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By Fiona Tolan

Margaret Atwood: Feminism and Fiction takes a brand new examine the complicated courting among Margaret Atwood's fiction and feminist politics. studying intimately the worries and offerings of an writer who has usually been termed feminist yet has famously rejected the label on many events, this publication strains the affects of feminism in Atwood's paintings and at the same time plots moments of dissent or debate. Fiona Tolan offers a transparent and special examine of the 1st 11 novels of 1 of Canada's so much trendy authors. every one bankruptcy might be learn as someone textual research, when the chronological constitution presents a desirable perception into the moving issues of a favored and influential writer over a interval of approximately thirty-five years.

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Extra resources for Margaret Atwood: Feminism and Fiction.

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Davidson and Cathy N. Davidson, Toronto, 1981, 131. 60 The Edible Woman 33 latter role culminates in the journey he and Marian take into the ravine, where Marian finally comes to understand what has been happening to her: What she really wanted, she realized, had been reduced to simple safety. She thought she had been heading towards it all these months but actually she hadn’t been getting anywhere. (263) In this scene Atwood unites the figures of the underworld guide and the psychoanalyst, but crucially, once Marian achieves her moment of insight, she also finds that she no longer needs either, and separates from Duncan: “Now that I was thinking of myself in the first person singular again, I found my own situation much more interesting than his” (278).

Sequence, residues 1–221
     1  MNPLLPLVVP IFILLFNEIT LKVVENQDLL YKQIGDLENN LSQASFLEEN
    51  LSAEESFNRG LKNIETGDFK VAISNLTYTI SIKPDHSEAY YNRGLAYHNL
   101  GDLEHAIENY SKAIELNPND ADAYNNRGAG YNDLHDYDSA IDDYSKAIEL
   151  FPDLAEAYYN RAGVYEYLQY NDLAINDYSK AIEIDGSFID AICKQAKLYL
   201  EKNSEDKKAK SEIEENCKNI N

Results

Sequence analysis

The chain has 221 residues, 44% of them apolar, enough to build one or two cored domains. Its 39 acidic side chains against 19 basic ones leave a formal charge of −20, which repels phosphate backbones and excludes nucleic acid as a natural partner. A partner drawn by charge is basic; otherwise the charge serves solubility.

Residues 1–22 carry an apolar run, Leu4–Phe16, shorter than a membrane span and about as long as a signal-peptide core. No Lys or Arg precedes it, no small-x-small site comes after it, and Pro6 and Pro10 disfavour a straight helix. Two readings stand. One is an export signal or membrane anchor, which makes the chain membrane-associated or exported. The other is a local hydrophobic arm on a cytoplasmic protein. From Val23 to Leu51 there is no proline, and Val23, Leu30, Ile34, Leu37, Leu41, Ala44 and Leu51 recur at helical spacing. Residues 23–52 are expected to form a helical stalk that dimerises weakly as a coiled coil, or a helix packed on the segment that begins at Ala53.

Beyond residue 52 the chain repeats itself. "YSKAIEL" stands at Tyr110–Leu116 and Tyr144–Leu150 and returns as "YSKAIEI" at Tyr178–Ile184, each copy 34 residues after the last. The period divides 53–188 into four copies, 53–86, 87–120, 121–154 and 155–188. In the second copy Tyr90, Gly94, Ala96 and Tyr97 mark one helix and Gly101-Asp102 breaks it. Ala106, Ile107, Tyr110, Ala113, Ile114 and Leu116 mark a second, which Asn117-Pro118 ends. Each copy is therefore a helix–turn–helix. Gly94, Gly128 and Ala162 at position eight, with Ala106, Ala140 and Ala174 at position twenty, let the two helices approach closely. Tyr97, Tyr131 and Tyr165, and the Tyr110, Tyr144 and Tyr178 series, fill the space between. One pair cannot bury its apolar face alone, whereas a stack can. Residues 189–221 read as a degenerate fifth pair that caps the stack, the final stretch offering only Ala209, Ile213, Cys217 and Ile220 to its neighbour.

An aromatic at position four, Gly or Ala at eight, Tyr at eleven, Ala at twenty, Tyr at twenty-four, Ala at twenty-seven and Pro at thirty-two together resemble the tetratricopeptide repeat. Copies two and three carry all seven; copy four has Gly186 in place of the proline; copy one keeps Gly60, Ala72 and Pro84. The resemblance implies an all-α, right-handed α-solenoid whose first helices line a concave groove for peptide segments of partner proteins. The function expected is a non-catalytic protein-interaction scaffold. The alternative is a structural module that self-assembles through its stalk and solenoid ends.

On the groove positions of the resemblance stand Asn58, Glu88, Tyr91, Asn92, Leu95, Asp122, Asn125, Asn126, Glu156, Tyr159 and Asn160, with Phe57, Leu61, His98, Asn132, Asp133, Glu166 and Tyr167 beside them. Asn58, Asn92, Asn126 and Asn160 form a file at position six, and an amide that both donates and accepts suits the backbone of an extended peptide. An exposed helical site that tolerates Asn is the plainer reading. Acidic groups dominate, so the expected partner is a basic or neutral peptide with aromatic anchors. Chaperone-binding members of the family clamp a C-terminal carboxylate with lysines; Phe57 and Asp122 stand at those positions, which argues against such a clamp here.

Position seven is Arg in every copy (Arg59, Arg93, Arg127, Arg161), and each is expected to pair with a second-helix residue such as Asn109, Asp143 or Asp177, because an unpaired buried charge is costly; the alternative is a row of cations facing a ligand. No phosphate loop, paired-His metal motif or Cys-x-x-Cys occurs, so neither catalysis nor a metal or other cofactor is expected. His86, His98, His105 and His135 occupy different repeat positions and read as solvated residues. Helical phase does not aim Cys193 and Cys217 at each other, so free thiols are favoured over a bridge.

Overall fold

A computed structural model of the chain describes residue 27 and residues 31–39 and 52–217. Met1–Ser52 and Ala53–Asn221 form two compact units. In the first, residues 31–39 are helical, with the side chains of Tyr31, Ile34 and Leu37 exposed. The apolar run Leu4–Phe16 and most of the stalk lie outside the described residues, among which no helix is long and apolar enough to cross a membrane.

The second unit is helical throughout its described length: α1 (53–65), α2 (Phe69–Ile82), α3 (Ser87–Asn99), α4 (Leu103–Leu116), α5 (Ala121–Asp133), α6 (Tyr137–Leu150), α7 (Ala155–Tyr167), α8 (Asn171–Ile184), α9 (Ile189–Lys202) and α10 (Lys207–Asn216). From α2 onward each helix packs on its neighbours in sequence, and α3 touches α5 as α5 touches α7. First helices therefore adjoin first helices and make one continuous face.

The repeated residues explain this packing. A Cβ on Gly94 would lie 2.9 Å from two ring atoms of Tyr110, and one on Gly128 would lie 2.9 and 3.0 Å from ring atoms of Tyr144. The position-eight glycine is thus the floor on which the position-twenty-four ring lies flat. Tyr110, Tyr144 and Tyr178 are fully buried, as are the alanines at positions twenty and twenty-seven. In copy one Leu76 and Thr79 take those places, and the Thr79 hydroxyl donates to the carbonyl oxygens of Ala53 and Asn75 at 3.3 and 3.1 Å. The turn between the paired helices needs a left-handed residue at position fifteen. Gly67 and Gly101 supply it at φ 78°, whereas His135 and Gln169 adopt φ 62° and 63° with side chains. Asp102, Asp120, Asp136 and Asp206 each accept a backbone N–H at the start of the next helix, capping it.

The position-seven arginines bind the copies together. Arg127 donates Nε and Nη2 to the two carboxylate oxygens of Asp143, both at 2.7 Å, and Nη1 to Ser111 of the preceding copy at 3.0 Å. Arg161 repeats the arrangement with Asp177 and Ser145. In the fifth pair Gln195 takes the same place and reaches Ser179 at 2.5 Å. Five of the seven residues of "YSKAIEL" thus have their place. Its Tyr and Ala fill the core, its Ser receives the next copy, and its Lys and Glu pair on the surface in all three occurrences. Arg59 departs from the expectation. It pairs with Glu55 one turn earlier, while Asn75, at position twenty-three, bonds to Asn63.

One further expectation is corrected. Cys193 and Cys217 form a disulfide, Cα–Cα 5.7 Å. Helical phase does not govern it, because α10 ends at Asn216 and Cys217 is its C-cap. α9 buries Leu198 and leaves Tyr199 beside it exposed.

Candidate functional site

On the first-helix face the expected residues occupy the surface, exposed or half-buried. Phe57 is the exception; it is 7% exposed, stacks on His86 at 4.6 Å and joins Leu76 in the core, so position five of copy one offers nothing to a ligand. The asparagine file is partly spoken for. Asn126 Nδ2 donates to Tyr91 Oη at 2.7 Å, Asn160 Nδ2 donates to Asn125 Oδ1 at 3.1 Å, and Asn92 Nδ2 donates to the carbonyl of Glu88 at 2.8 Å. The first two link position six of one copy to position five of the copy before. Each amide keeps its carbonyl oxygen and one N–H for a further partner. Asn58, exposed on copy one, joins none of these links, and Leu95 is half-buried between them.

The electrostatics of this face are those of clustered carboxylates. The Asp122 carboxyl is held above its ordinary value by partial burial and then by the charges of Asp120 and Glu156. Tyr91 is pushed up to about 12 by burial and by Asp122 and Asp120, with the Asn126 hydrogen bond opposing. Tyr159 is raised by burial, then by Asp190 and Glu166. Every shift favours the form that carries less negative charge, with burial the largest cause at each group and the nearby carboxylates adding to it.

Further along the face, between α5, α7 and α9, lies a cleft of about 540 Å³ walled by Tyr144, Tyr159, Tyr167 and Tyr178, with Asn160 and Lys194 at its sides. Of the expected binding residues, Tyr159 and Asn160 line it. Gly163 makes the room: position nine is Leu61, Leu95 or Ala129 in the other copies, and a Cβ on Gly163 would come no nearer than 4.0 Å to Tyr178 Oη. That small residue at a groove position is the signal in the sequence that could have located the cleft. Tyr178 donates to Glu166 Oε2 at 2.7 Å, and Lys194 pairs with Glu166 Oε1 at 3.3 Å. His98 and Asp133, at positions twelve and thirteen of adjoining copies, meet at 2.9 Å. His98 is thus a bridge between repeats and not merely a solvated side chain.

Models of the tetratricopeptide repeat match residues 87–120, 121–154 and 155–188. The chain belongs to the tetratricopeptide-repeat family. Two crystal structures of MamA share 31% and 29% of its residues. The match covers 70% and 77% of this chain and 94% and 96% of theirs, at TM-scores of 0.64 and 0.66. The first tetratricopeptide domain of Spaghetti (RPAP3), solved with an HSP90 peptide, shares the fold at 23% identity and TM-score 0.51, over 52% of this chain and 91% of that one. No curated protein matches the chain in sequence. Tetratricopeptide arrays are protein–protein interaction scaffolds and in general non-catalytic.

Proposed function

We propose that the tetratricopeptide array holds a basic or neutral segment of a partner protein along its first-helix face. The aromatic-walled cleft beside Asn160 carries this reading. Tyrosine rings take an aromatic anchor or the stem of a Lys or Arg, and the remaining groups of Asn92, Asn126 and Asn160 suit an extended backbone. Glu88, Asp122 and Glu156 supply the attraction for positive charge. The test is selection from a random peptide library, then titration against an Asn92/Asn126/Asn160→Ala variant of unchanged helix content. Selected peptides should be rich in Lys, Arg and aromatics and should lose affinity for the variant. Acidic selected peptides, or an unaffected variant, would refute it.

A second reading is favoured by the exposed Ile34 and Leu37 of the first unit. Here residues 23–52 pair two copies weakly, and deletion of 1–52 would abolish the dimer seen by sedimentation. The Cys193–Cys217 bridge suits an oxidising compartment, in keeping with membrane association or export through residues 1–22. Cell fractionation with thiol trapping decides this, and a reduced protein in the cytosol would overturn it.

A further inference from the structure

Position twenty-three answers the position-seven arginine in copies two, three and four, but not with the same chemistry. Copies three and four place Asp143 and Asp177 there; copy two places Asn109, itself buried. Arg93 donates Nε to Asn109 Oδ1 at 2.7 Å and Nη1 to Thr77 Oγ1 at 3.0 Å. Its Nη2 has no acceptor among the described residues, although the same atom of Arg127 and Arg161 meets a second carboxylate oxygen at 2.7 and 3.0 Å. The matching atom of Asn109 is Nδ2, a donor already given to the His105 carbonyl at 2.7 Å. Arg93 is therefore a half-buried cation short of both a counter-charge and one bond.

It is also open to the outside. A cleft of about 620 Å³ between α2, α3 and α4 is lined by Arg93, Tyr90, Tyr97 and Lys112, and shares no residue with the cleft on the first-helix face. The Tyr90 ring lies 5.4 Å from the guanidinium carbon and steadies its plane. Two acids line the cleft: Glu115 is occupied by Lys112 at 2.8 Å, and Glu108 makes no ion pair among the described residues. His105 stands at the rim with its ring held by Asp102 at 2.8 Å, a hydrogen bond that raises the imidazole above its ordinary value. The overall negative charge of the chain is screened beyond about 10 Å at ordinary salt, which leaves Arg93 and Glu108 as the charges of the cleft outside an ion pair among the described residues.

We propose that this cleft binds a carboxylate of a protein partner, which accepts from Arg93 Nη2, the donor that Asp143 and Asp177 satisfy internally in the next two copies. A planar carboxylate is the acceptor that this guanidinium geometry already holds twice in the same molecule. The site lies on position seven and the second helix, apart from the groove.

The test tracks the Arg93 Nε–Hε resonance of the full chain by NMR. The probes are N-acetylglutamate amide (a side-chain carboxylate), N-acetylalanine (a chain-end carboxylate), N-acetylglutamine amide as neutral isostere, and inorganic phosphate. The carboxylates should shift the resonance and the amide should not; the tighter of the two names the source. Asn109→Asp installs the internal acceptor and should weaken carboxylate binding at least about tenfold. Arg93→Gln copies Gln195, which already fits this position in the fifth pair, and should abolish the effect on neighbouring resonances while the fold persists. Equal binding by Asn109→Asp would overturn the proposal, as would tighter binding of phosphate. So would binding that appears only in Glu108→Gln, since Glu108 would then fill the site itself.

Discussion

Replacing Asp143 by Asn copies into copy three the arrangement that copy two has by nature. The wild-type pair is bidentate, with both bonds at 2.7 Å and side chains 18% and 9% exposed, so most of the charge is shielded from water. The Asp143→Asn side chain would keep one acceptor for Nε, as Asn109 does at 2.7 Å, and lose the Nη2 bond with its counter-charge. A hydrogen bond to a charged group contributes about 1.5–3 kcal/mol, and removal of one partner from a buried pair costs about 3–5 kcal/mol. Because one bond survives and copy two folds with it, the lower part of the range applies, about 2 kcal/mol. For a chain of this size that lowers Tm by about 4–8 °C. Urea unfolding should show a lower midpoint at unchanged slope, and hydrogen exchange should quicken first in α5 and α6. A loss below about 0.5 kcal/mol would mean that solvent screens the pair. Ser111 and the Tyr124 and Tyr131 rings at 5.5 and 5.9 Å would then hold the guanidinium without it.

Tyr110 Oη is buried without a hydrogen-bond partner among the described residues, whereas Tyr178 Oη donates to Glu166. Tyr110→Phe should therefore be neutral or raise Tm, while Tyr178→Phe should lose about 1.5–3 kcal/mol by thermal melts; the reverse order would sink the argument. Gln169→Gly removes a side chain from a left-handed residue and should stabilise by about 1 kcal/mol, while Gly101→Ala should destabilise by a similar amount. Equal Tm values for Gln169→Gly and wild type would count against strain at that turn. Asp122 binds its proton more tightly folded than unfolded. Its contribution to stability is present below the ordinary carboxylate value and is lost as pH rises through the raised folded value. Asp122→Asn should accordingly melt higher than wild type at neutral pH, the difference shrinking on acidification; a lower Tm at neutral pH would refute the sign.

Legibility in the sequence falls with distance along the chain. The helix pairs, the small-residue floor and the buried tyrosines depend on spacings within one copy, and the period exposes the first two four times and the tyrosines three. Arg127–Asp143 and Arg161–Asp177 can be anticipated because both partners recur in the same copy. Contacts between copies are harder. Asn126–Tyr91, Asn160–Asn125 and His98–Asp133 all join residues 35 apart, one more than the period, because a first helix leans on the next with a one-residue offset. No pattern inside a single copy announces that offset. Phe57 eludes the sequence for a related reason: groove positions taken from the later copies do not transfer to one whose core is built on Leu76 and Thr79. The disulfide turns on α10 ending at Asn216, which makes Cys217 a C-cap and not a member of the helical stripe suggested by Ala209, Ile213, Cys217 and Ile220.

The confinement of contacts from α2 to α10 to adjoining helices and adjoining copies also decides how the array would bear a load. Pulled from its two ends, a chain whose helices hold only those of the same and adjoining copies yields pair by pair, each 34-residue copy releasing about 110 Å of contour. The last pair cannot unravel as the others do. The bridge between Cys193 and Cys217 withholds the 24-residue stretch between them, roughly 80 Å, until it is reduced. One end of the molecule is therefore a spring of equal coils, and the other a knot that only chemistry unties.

Early feminist readings of Freud were varied but largely negative. 32 Juliet Mitchell, however, made an important move towards reclaiming Freud for feminism with her book, Woman’s Estate (1971), in which she argued that feminists should not dismiss Freud because of the conservative direction in which his work had later been taken: “It is post-Freudian empiricism 30 Elaine Showalter, The Female Malady: Women, Madness and English Culture, 1830-1980, London, 1987, 129. 31 Kate Millett, Sexual Politics, London, 1971, 178.

This is the position from which the narrator of Surfacing begins her retreat into the forest. When she comes to believe that the friends she has brought with her to the island are perpetuating the corruption she fears, she hides from them until they eventually return to the mainland: “I am by myself; this is what I wanted: to stay here alone” (163). ”23 As she retreats from society, the narrator believes that, alone, she can overcome the alienation from her true self, symbolised by her lost memories, and recover her authenticity.

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